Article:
Sunday, 3 July 2016

Wrath of the Weasels

As we now know, weasels [1] have funerals for their dead (see ‘A Weasel Funeral’). In 1953, Irish Times columnist J. Ashton Freeman asked readers if they had witnessed this phenomenon. The following letter came from Mary McAuliffe, of Newmarket, County Cork.
“Dear Sir, Myself and my sisters go every evening for the cow, about ten minutes’ walk, and near a gate leading to a cornfield. We used to sit down near the gate and listen to the birds singing. As we were nearing the place last Sunday we saw a dead weasel on the road.
“We were getting a stick to turn him over to examine him, when out came five big weasels, and dragged the dead weasel into the hedge. We stood, and as we passed the weasels followed us a few yards. So we ran.
“Daddy said he thought the weasels must have thought that we had killed the other weasel, but it must be that a car killed him. We got a great fright, but saw no weasels since on our way for the cow.”
And what did Ashton Freeman make of Mary’s story?
“I believe every word of this, and I’ll tell you why. No child who was inventing a story, and had heard of the so-called weasel’s funeral would have stopped at the point where the letter does. No, a false account would have finished off with full funeral rites.”
But are weasels really capable of vengeance. Mrs Clark of Ballina, County Mayo, believed so. According to her letter:
“… some men were cutting a meadow one day when they found some young stoats and killed them. Some time later, one of the men observed an old stoat come up and spit into a can of buttermilk the men had for drinking. The man at once threw away all the buttermilk. He said that had he not seen the stoat spitting into it, and had they drank the milk, they all would have been poisoned.”
Ashton Freeman received a number of letters from children who had received more direct retribution.  In each case, the child had saved a rabbit from a weasel, only for the weasel to return with a gang and set about the child.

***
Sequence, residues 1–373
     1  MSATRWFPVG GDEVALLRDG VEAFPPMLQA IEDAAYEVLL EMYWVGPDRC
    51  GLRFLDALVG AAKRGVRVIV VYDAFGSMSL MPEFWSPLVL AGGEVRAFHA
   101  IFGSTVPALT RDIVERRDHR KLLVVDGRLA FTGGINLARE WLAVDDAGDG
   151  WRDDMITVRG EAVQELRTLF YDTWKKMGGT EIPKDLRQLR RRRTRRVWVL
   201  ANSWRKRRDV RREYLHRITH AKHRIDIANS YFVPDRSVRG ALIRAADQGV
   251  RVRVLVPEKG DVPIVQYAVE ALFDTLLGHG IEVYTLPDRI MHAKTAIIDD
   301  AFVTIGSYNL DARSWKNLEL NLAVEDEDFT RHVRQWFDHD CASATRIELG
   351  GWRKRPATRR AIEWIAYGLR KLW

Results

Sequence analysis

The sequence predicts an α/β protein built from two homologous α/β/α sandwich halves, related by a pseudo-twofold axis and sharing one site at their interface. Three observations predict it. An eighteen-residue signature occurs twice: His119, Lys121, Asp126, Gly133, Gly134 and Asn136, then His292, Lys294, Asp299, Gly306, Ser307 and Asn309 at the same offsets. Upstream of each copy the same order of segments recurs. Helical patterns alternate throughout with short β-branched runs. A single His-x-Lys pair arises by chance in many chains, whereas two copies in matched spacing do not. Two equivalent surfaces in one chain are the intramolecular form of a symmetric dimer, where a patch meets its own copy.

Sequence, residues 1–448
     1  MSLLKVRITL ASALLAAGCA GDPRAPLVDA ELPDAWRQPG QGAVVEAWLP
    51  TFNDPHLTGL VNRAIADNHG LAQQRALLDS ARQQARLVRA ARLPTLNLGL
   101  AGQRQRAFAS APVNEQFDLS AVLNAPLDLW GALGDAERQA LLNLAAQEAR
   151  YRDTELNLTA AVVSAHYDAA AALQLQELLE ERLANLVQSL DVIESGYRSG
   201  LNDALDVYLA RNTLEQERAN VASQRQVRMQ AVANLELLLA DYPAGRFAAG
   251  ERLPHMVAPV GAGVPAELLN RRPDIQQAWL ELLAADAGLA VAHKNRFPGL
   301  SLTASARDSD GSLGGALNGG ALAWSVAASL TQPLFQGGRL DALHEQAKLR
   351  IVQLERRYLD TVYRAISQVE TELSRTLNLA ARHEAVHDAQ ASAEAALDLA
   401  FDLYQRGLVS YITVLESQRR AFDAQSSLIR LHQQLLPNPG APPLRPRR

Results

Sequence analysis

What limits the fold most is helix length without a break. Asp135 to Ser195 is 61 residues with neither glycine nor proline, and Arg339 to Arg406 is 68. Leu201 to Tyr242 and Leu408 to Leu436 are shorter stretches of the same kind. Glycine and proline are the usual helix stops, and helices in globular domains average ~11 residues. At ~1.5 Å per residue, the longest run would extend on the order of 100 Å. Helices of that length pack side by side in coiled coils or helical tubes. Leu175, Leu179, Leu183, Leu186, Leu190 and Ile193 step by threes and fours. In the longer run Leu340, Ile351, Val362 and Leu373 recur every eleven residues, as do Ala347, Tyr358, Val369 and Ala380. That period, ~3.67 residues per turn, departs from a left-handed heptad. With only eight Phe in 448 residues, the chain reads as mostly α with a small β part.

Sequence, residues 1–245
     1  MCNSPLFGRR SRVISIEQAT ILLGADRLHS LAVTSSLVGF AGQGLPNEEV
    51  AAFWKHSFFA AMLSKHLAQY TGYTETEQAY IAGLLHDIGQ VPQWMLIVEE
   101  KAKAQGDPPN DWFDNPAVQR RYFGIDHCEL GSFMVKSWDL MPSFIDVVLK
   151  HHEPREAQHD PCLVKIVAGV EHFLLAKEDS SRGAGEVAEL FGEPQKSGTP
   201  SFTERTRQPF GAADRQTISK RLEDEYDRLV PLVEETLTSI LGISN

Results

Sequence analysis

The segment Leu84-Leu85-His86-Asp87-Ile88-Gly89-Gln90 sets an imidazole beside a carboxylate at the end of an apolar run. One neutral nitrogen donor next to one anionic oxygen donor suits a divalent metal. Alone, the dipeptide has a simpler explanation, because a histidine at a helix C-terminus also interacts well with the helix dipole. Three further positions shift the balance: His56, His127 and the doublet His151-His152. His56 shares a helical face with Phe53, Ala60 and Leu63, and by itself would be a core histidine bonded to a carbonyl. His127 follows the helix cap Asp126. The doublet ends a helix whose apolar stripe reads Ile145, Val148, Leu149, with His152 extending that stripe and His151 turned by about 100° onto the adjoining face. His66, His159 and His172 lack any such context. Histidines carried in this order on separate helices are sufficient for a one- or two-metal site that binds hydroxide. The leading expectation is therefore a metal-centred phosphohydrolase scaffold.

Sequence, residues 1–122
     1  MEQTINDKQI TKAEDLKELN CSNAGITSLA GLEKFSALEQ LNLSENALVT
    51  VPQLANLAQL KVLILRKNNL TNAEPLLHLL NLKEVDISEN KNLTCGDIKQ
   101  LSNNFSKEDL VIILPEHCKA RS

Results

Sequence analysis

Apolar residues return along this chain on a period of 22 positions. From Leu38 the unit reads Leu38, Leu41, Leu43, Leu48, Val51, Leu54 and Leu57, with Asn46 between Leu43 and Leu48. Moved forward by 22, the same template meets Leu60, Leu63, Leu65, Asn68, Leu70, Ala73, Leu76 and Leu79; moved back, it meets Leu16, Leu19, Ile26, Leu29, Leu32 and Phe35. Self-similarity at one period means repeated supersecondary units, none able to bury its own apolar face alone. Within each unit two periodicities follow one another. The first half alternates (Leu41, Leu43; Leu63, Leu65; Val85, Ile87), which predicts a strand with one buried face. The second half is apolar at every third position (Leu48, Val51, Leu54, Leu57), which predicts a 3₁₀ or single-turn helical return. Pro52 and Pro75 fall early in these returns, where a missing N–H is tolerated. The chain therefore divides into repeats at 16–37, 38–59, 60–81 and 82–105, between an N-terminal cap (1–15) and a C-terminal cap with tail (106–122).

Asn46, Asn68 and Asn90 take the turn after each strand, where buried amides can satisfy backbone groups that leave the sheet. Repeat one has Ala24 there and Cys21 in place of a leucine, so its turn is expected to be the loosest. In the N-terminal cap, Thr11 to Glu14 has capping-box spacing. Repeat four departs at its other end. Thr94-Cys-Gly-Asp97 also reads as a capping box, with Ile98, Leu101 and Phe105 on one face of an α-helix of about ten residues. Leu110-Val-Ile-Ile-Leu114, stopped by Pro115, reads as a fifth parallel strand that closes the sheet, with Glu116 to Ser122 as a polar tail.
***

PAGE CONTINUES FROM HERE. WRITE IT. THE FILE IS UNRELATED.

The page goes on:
But what should you do if you find yourself on a weasel hit list? Strangely, we must turn to Oscar Wilde’s mother (aka Lady Jane Francesca Wilde) for advice.
“Weasels are spiteful and malignant, and old withered witches sometimes take this form. It is extremely unlucky to meet a weasel the first thing in the morning; still it would be hazardous to kill it, for it might be a witch and take revenge. Indeed one should be very cautious about killing a weasel at any time, for all the other weasels will resent your audacity, and kill your chickens when an opportunity offers. The only remedy is to kill one chicken yourself, make the sign of the cross solemnly three times over it, then tie it to a stick hung up in the yard, and the weasels will have no more power for evil, nor the witches who take their form, at least during the year, if the stick is left standing; but the chicken may be eaten when the sun goes down.”
Notes
1. It should be noted that - to the best of my knowledge - there are no weasels in Ireland. However, in many parts of the country, particularly in rural areas, stoats were - and still are - referred to as weasels.
Sources:
1. The Irish Times, 11 July 1953
2. Lady Wilde, Legends, Charms and Superstitions of Ireland, (Dover, New York, 2006)

4 comments:

  1. Hi this is very interesting.I have written about mystery animals in Ireland in Chad Arment`s Bio Fortean Notes.If you are interested in finding out more,I can be contacted at muirhead@richardmuirhead4.orangehome.co.uk Richard Muirhead

    ReplyDelete
  2. Hi this is very interesting.I have written about mystery animals in Ireland in Chad Arment`s Bio Fortean Notes.If you are interested in finding out more,I can be contacted at muirhead@richardmuirhead4.orangehome.co.uk Richard Muirhead

    ReplyDelete
  3. There are no weasels in Ireland and the animals here are undoubtedly stoats. There are several different words in the Irish language meaning a stoat and this may have added to the confusion. Irish words I can supply signifying "stoat" are: easóg, eas, neas, easín mín, blathnaid, flannóg. These in early dictionaries were rendered as weasel rather than stoat.

    ReplyDelete